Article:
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Zen Unicorn: 4 Mediator Marketing Lessons From Seth Godin

From John DeGroote’s Settlement Perspectives

Marketing guru Seth Godin isn’t a mediator and, as far as I know, doesn’t even know what one is, but that doesn’t seem to matter.  From my perspective — the perspective of one who often selects the mediator — the marketing lessons in Zen Unicorn are tailor-made for mediators and settlement professionals.

Godin has written more than a few books already, but his recent Zen Unicorn is a great idea.  It simply rolls up some of the best posts from his blog over the past 3 years and presents them in a click-free, Kindle-only ebook.  Four of those posts, and why they’re relevant to mediators, include:

Make something happen

“The best time to plant an oak tree is 20 years ago, and the second best time is now.” I don’t know who said it, but it certainly applies to marketing.  In Make something happen Godin tells us to “make something happen today, before you go home,” and it’s great advice.  Today is the day.  Write a guest post, propose an article, begin to manage your digital footprint, hire a web designer, get listed on, or whatever.  But make something happen today.

This must be hard

As a mediator, do you follow up with your mediation clients after they leave your conference room?  Godin asks a great question more mediators should think about in This must be hard:

The fancy restaurant knows my phone number. Why not have the owner call me the next day just to ask [how my dinner was]?

The day after your next mediation, try an experiment.  Call the counsel who were involved.  If they settled, ask about something they care about.  Are the final documents are getting signed?  Is the press release ready?  Or whatever it takes.  And if the case didn’t settle, maybe your call will reveal the nonsettlers’ remorse I mentioned here.  Stay with the case and push until it’s done.  I assure you this will set you apart from other mediators.

The most important rule

How do we judge mediator success?  In The most important rule Godin tells us:

By a factor of three, what you do is not nearly as important as how it makes people feel.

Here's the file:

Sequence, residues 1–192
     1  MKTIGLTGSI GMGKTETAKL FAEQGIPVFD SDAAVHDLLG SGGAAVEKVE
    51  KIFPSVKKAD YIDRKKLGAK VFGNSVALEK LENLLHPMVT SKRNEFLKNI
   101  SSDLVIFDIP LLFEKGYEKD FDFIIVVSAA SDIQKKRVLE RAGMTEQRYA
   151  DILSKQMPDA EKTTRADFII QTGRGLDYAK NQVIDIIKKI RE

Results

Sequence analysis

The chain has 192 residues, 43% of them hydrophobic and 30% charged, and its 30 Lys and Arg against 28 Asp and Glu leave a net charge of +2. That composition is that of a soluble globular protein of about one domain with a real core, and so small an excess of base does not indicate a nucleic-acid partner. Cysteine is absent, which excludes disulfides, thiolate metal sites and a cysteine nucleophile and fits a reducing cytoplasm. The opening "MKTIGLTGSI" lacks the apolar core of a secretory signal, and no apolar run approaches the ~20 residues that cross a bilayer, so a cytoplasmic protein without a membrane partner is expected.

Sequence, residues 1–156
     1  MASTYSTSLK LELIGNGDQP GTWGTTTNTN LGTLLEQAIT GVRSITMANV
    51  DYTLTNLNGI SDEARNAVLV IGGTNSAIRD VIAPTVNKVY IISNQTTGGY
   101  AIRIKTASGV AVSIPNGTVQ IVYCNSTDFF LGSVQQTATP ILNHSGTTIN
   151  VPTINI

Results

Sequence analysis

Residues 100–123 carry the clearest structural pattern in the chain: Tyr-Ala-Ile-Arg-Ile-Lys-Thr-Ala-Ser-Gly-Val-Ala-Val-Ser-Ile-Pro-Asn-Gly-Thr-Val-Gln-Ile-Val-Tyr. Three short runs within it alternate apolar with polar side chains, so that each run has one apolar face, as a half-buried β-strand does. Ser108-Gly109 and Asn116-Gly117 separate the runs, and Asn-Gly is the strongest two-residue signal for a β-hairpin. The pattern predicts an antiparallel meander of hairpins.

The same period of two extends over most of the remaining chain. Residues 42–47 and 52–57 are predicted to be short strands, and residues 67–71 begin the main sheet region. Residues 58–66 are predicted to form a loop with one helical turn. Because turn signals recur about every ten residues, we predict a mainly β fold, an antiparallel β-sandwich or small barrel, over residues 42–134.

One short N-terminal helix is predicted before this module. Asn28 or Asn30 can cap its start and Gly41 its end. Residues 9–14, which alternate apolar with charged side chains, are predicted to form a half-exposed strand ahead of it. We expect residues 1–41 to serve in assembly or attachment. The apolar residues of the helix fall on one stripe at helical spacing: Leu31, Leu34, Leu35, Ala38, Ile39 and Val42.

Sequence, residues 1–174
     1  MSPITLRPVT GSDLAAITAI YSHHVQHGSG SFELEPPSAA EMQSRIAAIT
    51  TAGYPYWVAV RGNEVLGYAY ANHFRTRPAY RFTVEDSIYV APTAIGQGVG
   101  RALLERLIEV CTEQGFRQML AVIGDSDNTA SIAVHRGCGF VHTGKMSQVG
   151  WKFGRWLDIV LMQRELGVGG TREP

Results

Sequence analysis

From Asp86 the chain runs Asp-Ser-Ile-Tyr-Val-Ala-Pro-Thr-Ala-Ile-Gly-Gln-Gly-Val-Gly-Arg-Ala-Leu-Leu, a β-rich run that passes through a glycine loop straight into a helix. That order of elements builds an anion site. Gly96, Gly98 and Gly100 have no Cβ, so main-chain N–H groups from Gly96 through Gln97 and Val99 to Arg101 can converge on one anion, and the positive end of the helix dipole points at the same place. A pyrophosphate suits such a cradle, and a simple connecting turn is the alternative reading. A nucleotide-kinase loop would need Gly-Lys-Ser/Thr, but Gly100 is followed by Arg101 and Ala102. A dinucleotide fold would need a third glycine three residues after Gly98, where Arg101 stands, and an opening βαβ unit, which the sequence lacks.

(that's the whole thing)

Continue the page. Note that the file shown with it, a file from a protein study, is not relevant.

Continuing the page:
Settling cases is hard, and you can’t succeed in the mediation business if you’re not good at it.  But assuming you’re good at what you do, what keeps people coming back?  It’s a feeling — the feeling of intense loyalty we get when the mediator does the things they don’t teach you in mediator school.  A few suggestions:

  • Mediation briefs. The parties have been living with this dispute for a long time.  Carefully read — and understand — the mediation briefs in advance so everyone understands from moment one that you care about their case.  You’d be surprised how often this step is skipped.
  • The participants. Do an Internet search so you understand who will be in your conference room before they get there.
  • The parties. Understand a little about each party before the mediation starts.  15 minutes with Metacrawler or a Google Advanced Search is all you need.
  • The process. Look at your own website from the perspective of a party who got the link to your bio from her lawyer last week.  Does your site help her prepare for mediation day?
  • You. I once heard that, if given the choice between two mediators who have the potential to settle their case, the parties and their lawyers will pick the mediator they like better.  I can’t disagree.


In Discovery, Godin touches on a lesson more veteran mediators could use: “Every person who encounters your organization for the first time comes with a beginner’s mind.”  Your newest client might have seen your bio, but she doesn’t know about the big case you settled last week or the hundreds or thousands that came before her — and she might not know much about mediation, either.

Today is the day many of the people in your conference room will discover you.  Think about the other Godin insights in this post and on his blog — your new client might not have met a mediator that follows up after mediation day, your new client might not have met a mediator who cares how they actually feel, or your new client might not have met a mediator that walks them through the mediation process on their website.  What will you do to help her discover something different?

Make something happen today.  You’ll be glad you did.


John DeGroote

John serves as a mediator and arbitrator in complex business, technology, and intellectual property matters involving parties and interests around the country and beyond — often before litigation is filed. Prior to his service as a mediator and arbitrator, John served as the lead settlement negotiator in hundreds of cases,… MORE >

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